Crisis of Conscience

Disclaimer right off the bat: I’m not anti-lottery nor am I anti-gambling.

It seems like the Powerball jackpot is the big thing in the news (read: pop culture) right now. I’m going to buy a Powerball ticket. I’ve never bought one before and I have no real expectation of winning but I mean, come on, $800 million (after taxes) is a lot of money and the ticket is only $2. Why not?

Over the last week I’ve had a couple conversations with people about what I would do with that much money. I said the first thing I would do is pay off my student loans which isn’t an uncommon answer for many people. I would pay off all my family’s debts; mortgages, car loans, student loans, I’d take care of all of it because I would want my family to live a comfortable lifestyle. I was told my answers were boring.

I told them the first non-debt related, slightly impractical thing I would do is buy this house. I love Fort Morgan and I have always loved this house, both its beauty and its seclusion. Then I’d get really impractical and build a long private pier at which I would dock my private yacht. Then I would need an airstrip right by my house so my private plane could fly me to Auburn during the fall to enjoy all the games in my 50-yard line private suite. Oh, I have plans for that money…

I once read an interview with Bill Gates where he was asked if he had any real concept of the sheer amount of his wealth. He responded, “the only (he) could really grasp it was thinking that there was nothing in the world that (he couldn’t) buy.” After the interview, I thought for a few minutes about what that might be like. What would it be like if there was not a thing on Earth that I simply could not afford?

A few months ago, I wrote about an experience I had with a man named George. When I met George at a RaceTrac gas station, he hadn’t eaten and was hungry so I bought him some food. What I didn’t write about then was my desire to spend my money elsewhere.

For several years, I owned a beloved pair of polarized Rayban Wayfarer sunglasses. I’m notorious about losing sunglasses so for the longest time, I wouldn’t spend more than $15 on sunglasses. One day I decided that I really wanted those sunglasses so I would buy them and take extra precaution. I owned them for 4 years before I finally lost them one day by leaving them at the tennis court after a couple long matches. I was upset but proud of myself for owning them as long as I did.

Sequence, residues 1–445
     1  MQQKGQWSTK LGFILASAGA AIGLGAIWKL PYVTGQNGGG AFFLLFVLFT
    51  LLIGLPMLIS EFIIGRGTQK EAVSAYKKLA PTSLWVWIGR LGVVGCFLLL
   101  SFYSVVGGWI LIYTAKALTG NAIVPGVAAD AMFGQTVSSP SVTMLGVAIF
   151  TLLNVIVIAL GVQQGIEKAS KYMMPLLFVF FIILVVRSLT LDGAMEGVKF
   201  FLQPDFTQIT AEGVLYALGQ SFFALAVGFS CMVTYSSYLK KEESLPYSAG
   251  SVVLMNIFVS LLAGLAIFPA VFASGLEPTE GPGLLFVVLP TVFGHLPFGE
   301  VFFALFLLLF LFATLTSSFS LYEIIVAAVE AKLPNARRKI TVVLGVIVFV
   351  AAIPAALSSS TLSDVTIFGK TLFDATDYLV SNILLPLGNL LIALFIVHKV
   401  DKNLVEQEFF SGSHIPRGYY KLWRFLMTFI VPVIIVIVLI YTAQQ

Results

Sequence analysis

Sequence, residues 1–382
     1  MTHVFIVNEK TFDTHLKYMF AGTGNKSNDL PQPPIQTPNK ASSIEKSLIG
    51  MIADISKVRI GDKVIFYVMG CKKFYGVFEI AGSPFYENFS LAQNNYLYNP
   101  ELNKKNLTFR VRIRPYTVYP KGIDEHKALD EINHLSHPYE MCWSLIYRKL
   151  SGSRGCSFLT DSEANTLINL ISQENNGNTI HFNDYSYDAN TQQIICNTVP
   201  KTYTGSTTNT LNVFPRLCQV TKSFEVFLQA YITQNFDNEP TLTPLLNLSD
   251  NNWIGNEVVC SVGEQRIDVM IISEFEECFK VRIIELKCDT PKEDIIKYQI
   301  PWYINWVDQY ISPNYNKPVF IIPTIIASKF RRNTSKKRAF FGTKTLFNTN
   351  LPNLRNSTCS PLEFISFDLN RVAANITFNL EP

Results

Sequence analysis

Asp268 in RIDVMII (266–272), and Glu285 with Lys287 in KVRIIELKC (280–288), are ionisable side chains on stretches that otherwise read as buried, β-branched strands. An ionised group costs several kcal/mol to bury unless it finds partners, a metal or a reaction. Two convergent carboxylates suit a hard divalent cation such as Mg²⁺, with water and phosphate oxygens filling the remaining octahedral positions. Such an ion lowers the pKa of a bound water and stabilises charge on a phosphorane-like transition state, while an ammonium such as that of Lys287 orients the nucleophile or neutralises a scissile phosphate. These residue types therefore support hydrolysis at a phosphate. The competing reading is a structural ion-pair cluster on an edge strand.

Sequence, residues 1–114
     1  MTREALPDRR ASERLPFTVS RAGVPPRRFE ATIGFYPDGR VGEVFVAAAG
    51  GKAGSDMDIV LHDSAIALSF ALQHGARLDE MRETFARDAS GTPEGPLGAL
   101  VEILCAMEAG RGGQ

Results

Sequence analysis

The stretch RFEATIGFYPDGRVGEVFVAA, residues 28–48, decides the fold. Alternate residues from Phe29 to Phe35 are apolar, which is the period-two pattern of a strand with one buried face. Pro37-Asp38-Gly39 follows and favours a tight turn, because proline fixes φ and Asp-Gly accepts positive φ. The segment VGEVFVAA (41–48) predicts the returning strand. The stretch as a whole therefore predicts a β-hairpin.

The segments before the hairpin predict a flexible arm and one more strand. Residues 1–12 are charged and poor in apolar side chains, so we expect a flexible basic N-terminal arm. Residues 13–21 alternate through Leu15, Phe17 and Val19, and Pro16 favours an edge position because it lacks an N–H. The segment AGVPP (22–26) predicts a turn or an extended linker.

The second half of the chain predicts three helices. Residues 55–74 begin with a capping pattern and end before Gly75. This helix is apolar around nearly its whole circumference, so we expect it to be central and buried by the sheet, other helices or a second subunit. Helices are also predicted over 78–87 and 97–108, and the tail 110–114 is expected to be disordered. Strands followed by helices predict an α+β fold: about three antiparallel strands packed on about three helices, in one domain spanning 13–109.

I decided to reward myself for the longevity of my ownership by purchasing myself a new pair. I spent about a week shopping around, deciding if I wanted to stick with my tried and true Wayfarers or give something else a try. Once I made the decision to stick with those, I wanted the best deal, of course, so I looked a little longer. I met George the day before I was going to buy the sunglasses. The aftermath of my interaction with him left me feeling helpless and ashamed. In the midst of this man being unable to afford food, I was filled with excitement at the idea of owning my second pair of $200 sunglasses. I didn’t buy the glasses. I couldn’t buy the glasses.

I found myself feeling the same way in the aftermath of my lottery conversation. I first felt convicted upon realizing that none of my initial thoughts about spending the money involved giving money to the church. Tithe is important and I know some pretty awesome churches (namely the two I work with) and ministries out there that could do a lot of really great things with $80 million. That wasn’t even on my initial radar.

The conviction grew when I realized I hadn’t thought anything about helping people who needed it most…”most” being the essential word. Would my family benefit greatly from my paying off all their debts? Sure. Are any of them in danger of facing homelessness or starvation if I don’t? Not of which I am aware. But there are people who already face homelessness and starvation and they had nothing to do with my first thoughts on what I would do with all that money.

The conviction intensified to it’s maximum when this question popped in my head: “Why do I need $800 million to help people?” I didn’t have millions of dollars when I bought George food and I don’t tithe and give to certain charities each month out of some million-dollar paycheck I assure you. Why do I need to daydream about winning the Powerball to help people? The answer is I don’t.

I’m still going to spend my $2 on a ticket because how cool would it be if I got to write a check to feed every single homeless person in DFW. I think it would be way cooler than buying that beach house (which I would still buy). But I’m not going to sit around thinking about what I could buy with that money, I’m not going to sit around thinking about the ways I could help people with that kind of money. I’m not going to sit around thinking about what it would be like to literally be able to afford anything on planet Earth. I’m not going to sit around thinking about what I could buy with the money I have now and I’m not going to sit around thinking about the ways I could help people with the money I have now. I want to actually get out and help people. I think I will. I don’t need $800 million to help someone and you don’t either. Let’s do it.


Midweek Music 10.21.15

“You’re Beautiful” | Shane and Shane

When we arrive at eternity’s shore
Where death is just a memory and tears are no more
We’ll enter in as the wedding bells ring
Your bride will come together and we’ll sing
You’re beautiful


I’ve created a playlist on Spotify featuring all the songs from Midweek Music, feel free to follow it along with the posts.

Seeing orange when all we want is red (another Lawson inspired post)

11201811_10153658453707813_6482443562922202457_nIf you don’t know who Lawson is, you must not read my blogs very often. I talk about my youngest nephew quite a bit, not only because he is one hilarious and cool kid but also because, when I visit him, I always leave having learned something.

On one of my recent visits, Lawson was showing me some of his newest Ninja Turtle gear. He’s a big fan. His favorite is Raphael, the red-masked ninja turtle with attitude…let’s just say it fits well that the stubborn, strong-willed turtle is his favorite. While we were going through the inventory of his Ninja Turtle swag, he pulled out his Raphael mask and wanted me to help him put it on his face so he could pretend. I was more than happy to help and play Ninja Turtles with him but every time I tried to put the mask on him and tie it, he resisted.